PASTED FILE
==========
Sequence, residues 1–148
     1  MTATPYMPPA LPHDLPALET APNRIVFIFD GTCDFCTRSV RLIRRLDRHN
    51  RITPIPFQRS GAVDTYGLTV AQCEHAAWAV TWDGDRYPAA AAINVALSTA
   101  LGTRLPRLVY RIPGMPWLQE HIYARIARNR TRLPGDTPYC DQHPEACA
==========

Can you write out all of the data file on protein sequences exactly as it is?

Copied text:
Sequence, residues 1–148
     1  MTATPYMPPA LPHDLPALET APNRIVFIFD GTCDFCTRSV RLIRRLDRHN
    51  RITPIPFQRS GAVDTYGLTV AQCEHAAWAV TWDGDRYPAA AAINVALSTA
   101  LGTRLPRLVY RIPGMPWLQE HIYARIARNR TRLPGDTPYC DQHPEACA